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  #15  
Old 24th May 2016, 22:19
Lucky@LeMans Lucky@LeMans is offline
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A mate of mine fitted his Kobra body kit , did no prep and took it to a local bodyshop / paint shop. They did an ok job , not perfect in many respects and was charged 2000. He then had to finish it off , ie door shuts , inside the boot and under the bonnet etc etc.
No cheap way really unless you can do the lot yourself.
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  #16  
Old 24th May 2016, 22:23
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For anyone thinking of prepping, spraying or even paying someone else to spray their fibreglass kit car, and I can fully understand why someone spending a small fortune on a Ferrari replica would want it done professionally, I can offer the following advice based on my own experience as a first-time sprayer.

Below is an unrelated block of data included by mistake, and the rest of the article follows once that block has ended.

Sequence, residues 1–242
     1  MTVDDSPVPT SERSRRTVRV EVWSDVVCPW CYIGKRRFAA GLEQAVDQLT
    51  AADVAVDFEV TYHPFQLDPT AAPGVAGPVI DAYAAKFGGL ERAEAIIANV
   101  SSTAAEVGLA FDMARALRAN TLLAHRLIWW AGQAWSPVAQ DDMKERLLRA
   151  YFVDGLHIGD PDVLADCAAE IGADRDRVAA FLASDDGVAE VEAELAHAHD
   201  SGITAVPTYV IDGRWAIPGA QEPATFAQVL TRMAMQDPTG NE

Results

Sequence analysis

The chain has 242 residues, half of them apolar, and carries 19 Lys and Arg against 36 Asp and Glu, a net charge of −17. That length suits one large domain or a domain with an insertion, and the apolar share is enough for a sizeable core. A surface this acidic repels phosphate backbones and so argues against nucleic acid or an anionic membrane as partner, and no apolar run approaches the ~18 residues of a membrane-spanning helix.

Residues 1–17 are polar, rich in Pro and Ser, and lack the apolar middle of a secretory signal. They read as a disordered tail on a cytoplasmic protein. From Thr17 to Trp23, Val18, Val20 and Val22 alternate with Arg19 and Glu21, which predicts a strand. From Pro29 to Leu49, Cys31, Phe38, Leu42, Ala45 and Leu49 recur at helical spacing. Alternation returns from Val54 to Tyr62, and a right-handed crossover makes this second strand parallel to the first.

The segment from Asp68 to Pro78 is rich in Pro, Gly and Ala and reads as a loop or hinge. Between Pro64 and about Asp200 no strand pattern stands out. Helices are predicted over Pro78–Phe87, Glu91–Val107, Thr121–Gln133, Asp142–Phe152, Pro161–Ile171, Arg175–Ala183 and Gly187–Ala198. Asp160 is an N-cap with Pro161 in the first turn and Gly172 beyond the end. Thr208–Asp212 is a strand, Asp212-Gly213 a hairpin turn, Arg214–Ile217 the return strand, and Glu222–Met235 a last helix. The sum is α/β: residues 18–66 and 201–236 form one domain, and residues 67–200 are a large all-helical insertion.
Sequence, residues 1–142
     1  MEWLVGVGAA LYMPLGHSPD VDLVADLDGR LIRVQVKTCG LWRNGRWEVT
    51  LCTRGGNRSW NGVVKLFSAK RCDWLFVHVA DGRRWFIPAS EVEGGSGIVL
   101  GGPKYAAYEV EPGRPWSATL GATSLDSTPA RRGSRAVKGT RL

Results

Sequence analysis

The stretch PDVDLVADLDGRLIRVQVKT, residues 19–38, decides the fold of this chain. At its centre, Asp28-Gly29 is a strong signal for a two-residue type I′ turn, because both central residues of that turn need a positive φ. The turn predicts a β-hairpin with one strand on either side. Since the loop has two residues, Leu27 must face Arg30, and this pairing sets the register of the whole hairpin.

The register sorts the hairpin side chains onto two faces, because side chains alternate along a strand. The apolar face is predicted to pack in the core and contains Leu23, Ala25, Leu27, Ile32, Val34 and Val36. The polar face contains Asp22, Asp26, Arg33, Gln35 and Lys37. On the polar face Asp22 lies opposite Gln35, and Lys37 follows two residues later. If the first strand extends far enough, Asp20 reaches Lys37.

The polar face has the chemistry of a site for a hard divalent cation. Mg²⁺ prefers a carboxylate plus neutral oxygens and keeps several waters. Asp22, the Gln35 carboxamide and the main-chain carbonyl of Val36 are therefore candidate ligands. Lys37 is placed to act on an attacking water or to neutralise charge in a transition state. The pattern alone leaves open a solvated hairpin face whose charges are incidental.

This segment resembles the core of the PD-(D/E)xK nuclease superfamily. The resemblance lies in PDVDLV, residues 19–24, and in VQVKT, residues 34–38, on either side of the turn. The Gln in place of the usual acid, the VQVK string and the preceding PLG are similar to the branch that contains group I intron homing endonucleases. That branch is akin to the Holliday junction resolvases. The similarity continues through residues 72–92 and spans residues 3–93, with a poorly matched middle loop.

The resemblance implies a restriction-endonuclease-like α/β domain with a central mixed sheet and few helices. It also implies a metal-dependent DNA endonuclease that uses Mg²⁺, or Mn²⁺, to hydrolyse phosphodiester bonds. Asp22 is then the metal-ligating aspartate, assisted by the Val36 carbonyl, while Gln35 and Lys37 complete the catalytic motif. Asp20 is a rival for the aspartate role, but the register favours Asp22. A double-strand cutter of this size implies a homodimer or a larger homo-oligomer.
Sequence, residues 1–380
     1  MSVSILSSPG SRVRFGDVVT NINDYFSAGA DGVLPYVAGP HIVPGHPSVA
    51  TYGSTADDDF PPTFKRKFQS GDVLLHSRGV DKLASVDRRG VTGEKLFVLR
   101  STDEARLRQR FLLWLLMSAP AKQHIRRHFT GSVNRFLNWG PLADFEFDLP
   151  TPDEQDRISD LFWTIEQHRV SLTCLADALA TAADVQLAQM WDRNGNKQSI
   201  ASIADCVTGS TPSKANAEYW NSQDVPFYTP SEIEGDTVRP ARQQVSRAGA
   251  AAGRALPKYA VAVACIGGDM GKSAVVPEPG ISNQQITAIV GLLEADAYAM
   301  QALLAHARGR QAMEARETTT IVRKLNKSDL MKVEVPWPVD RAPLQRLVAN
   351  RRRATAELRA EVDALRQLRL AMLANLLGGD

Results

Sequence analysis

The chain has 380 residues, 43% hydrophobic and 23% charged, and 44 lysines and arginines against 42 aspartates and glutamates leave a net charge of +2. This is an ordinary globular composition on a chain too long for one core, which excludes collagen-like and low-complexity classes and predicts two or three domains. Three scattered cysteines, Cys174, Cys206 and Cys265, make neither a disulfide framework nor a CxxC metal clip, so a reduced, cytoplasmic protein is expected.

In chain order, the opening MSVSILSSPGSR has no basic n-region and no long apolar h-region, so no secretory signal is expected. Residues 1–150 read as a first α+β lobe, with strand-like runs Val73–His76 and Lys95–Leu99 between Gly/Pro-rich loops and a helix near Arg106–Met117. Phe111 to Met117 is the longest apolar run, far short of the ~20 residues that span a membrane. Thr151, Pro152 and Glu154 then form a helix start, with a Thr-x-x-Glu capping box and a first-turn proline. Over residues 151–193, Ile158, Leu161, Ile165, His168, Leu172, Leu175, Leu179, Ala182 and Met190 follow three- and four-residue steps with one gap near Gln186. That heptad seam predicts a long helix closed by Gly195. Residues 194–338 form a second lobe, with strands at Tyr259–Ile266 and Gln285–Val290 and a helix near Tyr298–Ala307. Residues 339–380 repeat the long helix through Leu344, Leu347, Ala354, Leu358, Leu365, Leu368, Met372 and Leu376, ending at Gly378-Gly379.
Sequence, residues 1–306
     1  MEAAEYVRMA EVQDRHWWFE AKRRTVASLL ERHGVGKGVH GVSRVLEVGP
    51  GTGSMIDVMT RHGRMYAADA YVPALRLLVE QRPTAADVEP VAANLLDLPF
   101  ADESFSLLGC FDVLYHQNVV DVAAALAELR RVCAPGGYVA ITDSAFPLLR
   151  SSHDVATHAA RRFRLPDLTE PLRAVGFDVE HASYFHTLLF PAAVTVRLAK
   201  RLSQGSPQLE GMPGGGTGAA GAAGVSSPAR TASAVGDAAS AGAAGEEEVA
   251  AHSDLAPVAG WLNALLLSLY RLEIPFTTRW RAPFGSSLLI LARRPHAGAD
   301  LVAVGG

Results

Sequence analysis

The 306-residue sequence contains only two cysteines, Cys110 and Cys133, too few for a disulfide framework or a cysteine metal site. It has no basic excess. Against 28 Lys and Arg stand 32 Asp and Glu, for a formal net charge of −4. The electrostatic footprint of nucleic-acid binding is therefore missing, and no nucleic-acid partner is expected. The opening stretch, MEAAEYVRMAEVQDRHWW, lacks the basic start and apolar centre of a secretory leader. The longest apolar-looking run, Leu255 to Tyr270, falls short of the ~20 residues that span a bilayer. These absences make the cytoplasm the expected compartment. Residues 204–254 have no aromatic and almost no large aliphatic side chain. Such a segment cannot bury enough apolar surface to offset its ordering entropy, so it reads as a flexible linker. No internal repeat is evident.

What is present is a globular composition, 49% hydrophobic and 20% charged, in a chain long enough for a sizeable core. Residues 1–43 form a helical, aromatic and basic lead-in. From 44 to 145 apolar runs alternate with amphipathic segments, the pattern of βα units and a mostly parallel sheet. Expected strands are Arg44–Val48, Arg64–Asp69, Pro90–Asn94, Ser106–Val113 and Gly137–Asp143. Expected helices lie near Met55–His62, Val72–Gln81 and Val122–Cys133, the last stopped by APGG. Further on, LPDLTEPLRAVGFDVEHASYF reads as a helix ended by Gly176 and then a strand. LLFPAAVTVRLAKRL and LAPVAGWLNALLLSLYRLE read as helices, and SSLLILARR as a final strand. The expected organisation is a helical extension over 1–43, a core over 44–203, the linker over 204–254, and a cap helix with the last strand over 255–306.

I'd never even considered spraying a car myself before and had every intention of handing over a modestly sized cheque to the Sammio car company, who charged 800 at the time (2011) to prep and spray your home-built car in a solid colour of your choice.

A couple of things changed that and neither of them were financial. First I really got into the build process. Early on I found that my chassis was rotten and needed quite a bit of welding, but I hadn't been trained as a welder (although I'd qualified with a City and Guilds in Aeronautical Engineering a the age of 17 I was exclusively trained to use hand tools as we were expecting to have to fight a fast moving European theatre war against a vastly numerically superior Eastern Bloc force, so didn't expect to have access to machine-shop facilities and were trained to make-do-and-mend our war machines in the field instead). All the advice I got was that welding wasn't something a beginner could do but I bought myself a 60 Manual Metal Arc (stick) welder and had a go anyway. My welds weren't pretty but they held and are still all solid as an (ugly) rock five years later.